Researchers Identify Cost Cutting Option in Treating Nail Fungus with Nanotechnology

GW researcher Adam Friedman, MD, studied the potential use of nitric oxide-releasing nanoparticles to improve onychomycosis treatment

WASHINGTON (July 11, 2018) — Onychomycosis, a nail fungus that causes nail disfigurement, pain, and increased risk of soft tissue infection, impacts millions of people worldwide. There are several topical antifungal treatments currently available; however, treatment failure remains high due to a number of factors.

The most recent treatment, a broad spectrum triazole called efinaconazole, is designed to improve nail penetration. It boasts the highest cure rates among other topical antifungals, but the cost for a bottle is more than $600, and full treatment calls for multiple bottles.

Adam Friedman, MD, professor of dermatology at the George Washington University School of Medicine and Health Sciences, and his team investigated the use of nanotechnology to improve efinaconazole treatment and make it more cost effective. They observed that when nitric oxide-releasing nanoparticles are combined with the efinaconazole, it achieves the same antifungal effects, but at a fraction of the amount of the medication alone needed to impart the same effect.

“Nanotechnology is being studied and employed in many areas of medicine and surgery to better deliver established imaging and therapeutic agents to ultimately improve patient outcomes,” said Friedman. “A quickly emerging roadblock in patient care is, unfortunately, access to medications due to rising cost and poor insurance coverage.”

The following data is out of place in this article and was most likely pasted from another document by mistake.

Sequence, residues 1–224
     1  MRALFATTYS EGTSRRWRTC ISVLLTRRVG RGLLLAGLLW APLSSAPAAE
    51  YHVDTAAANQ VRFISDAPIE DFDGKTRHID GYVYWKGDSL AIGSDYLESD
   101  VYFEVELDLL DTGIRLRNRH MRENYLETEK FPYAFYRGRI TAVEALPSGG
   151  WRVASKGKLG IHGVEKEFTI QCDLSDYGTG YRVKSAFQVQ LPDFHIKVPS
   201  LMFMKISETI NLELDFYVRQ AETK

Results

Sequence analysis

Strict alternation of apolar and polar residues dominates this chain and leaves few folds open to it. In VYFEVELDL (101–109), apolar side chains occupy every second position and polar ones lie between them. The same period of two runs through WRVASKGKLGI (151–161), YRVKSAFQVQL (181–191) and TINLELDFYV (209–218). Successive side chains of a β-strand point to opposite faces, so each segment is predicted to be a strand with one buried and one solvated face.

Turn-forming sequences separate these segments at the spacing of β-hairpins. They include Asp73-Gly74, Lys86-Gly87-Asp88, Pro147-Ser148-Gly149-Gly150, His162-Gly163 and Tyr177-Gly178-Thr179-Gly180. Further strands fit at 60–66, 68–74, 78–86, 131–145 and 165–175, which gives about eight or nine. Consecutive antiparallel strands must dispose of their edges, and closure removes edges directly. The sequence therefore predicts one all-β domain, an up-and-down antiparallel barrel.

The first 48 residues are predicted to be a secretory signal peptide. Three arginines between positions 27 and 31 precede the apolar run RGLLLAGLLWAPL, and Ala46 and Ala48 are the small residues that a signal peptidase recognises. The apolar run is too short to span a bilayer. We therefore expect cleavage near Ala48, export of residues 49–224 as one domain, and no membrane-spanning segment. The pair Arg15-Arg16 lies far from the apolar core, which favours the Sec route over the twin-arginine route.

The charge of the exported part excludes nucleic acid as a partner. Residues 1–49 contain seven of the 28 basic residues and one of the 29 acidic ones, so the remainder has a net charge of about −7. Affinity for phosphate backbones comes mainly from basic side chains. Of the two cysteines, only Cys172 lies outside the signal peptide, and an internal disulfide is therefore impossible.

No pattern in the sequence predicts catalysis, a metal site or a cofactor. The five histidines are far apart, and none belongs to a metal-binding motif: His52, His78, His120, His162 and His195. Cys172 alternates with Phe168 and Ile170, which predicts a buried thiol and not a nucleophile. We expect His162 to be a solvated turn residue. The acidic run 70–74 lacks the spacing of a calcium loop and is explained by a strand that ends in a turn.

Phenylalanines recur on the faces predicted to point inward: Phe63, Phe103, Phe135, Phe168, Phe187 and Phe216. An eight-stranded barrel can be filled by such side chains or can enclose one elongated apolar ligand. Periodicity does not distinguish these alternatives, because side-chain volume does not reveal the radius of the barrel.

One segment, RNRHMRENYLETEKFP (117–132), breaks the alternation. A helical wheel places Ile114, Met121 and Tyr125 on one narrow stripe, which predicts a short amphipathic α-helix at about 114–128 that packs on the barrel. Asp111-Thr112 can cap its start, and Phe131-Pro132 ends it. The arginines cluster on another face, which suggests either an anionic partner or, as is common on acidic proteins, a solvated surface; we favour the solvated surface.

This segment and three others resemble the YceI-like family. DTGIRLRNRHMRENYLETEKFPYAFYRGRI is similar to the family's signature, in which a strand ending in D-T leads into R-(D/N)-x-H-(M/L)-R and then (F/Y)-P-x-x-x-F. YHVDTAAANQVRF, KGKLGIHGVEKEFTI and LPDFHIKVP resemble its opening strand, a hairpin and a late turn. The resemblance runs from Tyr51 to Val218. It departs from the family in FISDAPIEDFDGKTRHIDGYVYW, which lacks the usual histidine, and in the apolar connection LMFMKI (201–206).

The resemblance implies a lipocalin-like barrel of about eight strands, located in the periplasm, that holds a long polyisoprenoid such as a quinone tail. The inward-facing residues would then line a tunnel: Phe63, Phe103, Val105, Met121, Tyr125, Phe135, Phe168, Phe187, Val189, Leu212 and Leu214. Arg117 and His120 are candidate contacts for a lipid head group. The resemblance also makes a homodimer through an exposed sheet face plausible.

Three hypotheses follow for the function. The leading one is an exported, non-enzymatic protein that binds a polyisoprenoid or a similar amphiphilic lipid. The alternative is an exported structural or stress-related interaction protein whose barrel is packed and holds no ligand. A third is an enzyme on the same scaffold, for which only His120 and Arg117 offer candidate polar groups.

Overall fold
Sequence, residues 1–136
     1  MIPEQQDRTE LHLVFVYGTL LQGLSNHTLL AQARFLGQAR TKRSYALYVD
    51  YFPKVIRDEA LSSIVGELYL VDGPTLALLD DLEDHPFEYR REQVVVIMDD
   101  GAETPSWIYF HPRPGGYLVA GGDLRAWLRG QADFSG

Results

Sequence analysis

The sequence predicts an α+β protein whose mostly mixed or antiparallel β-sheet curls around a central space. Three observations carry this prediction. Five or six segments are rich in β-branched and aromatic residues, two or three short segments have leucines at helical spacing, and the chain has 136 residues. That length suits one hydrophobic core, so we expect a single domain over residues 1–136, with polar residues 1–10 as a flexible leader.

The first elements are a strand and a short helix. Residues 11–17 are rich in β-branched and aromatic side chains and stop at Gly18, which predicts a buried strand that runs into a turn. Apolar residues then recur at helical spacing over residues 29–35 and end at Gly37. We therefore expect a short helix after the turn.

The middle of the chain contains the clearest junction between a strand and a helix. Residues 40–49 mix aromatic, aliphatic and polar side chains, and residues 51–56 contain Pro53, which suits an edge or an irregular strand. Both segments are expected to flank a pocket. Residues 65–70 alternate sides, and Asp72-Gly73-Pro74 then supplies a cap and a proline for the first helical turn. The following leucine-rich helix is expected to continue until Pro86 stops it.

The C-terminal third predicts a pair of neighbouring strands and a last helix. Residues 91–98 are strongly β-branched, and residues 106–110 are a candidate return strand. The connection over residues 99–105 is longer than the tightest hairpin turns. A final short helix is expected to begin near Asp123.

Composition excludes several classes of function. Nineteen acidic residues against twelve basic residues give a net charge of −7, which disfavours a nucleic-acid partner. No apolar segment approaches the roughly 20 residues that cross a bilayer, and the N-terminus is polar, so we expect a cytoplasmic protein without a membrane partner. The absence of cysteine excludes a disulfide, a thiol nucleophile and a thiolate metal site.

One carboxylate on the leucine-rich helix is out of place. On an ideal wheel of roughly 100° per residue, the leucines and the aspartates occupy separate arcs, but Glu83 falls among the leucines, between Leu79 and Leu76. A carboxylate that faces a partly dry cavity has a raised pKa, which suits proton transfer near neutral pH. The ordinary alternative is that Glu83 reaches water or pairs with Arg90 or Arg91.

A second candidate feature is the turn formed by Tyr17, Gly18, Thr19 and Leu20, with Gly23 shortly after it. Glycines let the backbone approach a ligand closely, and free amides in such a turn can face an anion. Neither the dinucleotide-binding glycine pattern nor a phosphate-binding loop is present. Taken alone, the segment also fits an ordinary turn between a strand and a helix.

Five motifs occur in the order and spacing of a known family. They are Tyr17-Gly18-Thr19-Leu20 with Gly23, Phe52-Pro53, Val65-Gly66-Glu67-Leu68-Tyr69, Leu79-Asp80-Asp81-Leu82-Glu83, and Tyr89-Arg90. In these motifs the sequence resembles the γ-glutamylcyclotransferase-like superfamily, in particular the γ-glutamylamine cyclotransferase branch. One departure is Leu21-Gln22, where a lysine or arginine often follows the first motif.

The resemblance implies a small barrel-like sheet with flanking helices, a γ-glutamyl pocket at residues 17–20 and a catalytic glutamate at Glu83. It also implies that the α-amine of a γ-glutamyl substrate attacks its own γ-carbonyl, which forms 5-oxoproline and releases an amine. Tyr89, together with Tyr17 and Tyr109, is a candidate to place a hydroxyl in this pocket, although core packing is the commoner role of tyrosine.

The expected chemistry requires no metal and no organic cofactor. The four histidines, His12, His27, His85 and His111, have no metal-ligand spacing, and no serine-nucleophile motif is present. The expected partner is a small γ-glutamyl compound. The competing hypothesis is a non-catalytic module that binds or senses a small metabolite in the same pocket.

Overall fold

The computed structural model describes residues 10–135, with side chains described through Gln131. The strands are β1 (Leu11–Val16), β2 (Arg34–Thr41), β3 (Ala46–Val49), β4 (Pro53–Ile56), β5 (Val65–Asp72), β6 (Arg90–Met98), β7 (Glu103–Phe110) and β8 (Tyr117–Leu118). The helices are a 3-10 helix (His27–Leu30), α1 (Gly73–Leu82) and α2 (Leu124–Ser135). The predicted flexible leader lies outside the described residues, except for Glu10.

The study, published in the Journal of Drugs in Dermatology, found that, when combined, the nanoparticles and the medication are more effective than both alone, opening the door to potentially better and more tolerable treatment regimens. An additional benefit is the ability of nanoparticles to access infections in difficult to reach locations, as penetration and retaining activity across the nail plate is a common impediment for many antifungals.

“What we found was that we could impart the same antifungal activity at the highest concentrations tested of either alone by combining them at a fraction of these concentrations,” Friedman explained. “The impact of this combo, which we visualized using electron microscopy as compared to either product alone, highlighted their synergistic damaging effects at concentrations that would be completely safe to human cells.”

Given these results, the authors note that it is worth further researching the synergy of nitric oxide-releasing nanoparticles and efinaconazole against onychomycosis to determine the efficacy of the treatment in a clinical setting.

The study, titled “Nitric Oxide Releasing Nanoparticles as a Strategy to Improve Current Onychomycosis Treatments” is published in the Journal of Drugs in Dermatology at jddonline.com/articles/dermatology/S1545961618P0717X/1.

Media: To interview Dr. Friedman, please contact Ashley Rizzardo at 202-994-8679 or amrizz713@gwu.edu.

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